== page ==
Tibetans Guard Sacred Mountain

Chinese miners flee after their tents are burned.

Photo of Dringye Ngo Sorma mountain in Golog, site of the mining protest.
Photo courtesy of an RFA listener.

Tibetan nomads have driven Chinese gold miners away from a sacred mountain in China’s Qinghai province, vowing to give up their lives if necessary to protect the site, the abode of a local god, according to Tibetan sources.

They set fire to the gold miners’ tents and launched 24-hour patrols around the mountain located in the Tibetan-populated Gade county in the Golog (in Chinese, Guolo) prefecture in a bid to keep the gold miners at bay, the sources said.

“The nomads are now watching for intruders on the mountain,” a Tibetan living in the U.S. told RFA, citing contacts in the region and speaking on condition of anonymity.

The mountain, called Dringye Ngo Sorma, is known for the beauty of the lake at its base, for the green meadows on its slopes, and for other characteristics “typical of a sacred mountain,” the source said.

“The deity that lives on the mountain is believed to be very ferocious and powerful,” he added.

On Aug. 10, Chinese miners arrived in the valley at the foot of the mountain and made plans to extract gold from the valley, the source said.

And though local government officials warned Tibetan residents of the area not to interfere with the work, the gold miners’ tents were set on fire two days later.

“The authorities could not detain the persons involved in the burning, as they had all escaped and gone into hiding,” the source said.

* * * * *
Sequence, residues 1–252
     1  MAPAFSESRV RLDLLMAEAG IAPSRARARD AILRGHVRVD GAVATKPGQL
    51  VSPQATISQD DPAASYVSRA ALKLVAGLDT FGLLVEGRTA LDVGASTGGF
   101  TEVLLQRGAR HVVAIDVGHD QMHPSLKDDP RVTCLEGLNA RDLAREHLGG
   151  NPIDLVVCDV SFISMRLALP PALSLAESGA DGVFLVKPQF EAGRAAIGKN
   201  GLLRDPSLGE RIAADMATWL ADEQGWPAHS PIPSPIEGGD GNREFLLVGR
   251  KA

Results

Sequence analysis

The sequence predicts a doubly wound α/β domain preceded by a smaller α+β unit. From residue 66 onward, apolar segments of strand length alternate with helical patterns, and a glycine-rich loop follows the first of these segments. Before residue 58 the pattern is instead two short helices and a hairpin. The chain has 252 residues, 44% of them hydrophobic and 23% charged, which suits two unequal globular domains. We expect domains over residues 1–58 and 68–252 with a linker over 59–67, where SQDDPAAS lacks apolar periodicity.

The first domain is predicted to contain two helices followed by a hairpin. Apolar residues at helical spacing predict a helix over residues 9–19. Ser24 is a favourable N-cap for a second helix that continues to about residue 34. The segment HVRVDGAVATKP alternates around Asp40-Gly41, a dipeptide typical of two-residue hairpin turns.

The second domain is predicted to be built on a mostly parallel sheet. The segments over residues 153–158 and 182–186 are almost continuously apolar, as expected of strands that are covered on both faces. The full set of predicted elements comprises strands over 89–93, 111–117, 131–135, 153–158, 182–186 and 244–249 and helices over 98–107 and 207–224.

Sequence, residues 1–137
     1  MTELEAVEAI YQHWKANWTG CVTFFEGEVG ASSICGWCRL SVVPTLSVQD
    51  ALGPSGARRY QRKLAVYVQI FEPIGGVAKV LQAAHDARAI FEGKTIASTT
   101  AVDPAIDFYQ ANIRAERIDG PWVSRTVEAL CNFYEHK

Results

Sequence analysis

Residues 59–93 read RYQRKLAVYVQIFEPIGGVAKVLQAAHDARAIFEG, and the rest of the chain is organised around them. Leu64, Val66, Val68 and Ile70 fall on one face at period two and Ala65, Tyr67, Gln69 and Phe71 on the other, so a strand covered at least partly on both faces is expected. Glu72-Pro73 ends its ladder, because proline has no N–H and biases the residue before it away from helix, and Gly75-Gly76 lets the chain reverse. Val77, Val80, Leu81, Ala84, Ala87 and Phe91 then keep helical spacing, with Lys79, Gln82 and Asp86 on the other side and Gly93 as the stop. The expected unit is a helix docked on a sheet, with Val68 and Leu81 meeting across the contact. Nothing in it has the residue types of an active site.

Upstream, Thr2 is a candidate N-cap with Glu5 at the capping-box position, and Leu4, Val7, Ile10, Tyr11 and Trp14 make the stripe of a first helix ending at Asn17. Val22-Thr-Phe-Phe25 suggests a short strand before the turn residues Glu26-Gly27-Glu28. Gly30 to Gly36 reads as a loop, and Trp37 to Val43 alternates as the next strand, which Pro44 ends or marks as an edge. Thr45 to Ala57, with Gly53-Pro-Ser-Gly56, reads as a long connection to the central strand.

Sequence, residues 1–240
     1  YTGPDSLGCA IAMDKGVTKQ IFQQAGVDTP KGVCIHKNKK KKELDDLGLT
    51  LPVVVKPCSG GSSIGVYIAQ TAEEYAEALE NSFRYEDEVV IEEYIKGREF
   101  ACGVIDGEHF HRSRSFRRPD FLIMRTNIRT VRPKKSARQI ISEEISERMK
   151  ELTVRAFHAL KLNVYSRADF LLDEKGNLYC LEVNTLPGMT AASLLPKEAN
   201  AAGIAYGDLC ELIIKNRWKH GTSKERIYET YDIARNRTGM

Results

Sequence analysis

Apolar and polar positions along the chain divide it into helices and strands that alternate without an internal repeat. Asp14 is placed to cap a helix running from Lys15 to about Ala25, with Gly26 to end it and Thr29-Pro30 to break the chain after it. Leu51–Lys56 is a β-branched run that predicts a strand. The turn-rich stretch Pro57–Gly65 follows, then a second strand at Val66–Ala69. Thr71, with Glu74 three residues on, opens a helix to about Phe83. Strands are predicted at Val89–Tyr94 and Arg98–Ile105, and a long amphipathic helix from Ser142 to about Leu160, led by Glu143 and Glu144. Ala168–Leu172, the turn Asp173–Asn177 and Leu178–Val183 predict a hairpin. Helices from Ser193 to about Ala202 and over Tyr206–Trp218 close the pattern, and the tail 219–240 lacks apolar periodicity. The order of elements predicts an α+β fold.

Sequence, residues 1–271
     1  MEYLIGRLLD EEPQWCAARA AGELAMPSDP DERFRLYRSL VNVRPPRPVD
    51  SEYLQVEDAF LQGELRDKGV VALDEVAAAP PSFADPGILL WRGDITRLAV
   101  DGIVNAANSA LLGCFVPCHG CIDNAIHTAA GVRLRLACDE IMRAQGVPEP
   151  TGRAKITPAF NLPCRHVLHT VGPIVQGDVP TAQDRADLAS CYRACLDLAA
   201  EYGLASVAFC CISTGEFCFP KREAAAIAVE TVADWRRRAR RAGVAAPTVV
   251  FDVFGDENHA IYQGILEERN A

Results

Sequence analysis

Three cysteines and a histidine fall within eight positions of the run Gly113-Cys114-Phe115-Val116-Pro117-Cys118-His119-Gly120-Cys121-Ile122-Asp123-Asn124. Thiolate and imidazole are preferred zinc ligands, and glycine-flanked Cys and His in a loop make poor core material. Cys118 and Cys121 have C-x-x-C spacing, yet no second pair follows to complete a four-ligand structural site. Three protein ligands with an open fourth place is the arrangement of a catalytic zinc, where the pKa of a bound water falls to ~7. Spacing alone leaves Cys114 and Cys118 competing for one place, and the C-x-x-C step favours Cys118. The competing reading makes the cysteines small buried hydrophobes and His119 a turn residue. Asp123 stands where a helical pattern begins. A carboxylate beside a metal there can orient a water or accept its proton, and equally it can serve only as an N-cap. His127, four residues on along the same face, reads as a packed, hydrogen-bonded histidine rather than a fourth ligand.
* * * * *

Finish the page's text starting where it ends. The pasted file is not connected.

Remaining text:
Round-the-clock watch

On Aug. 14, Tibetans from the four nomadic groups in the area of Tsangkor Sholma gathered at the mountain, but the Chinese miners had by then fled from the area, the source said.

“So the Tibetans conducted a grand smoke-offering ceremony at the site and then went back to their homes.”

Two nomadic groups are now watching the lower valley of Dringye Ngo Sorma, while another two groups guard the valley of another mountain, Kyu Ri, the source said, adding, “So now the Tibetans are watching these valleys around the clock, both day and night.”

Tibetan residents of the area have refused all orders to let the mining work proceed and have vowed not to allow the extraction of “even one handful of soil” from the sacred mountain, the source said.

Mining operations in Tibetan regions have led to frequent standoffs with Tibetans who accuse Chinese firms of disrupting sites of spiritual significance and polluting the environment as they extract local wealth.

On Aug. 15, Chinese security forces shot dead a Tibetan and detained six others as they dispersed a crowd of 1,000 Tibetans protesting the resumption of mining operations in Markham county in Tibet, according to Tibetan sources.

Last year, China’s official media reported that investment in the exploration of mineral resources in the Tibet Autonomous Region will be accelerated over a five-year period.

Tibet has large proven and potential reserves of vital deposits, but little exploration has been done so far, the Xinhua news agency reported.

Initial studies show that the Tibet Autonomous Region has China’s largest chromium and copper reserves, while most of its iron, gold, silver, potassium, oil, and natural gas reserves remain unexplored, the report said.

Reported by Chakmo Tso for RFA’s Tibetan service. Translated by Karma Dorjee. Written in English by Richard Finney.


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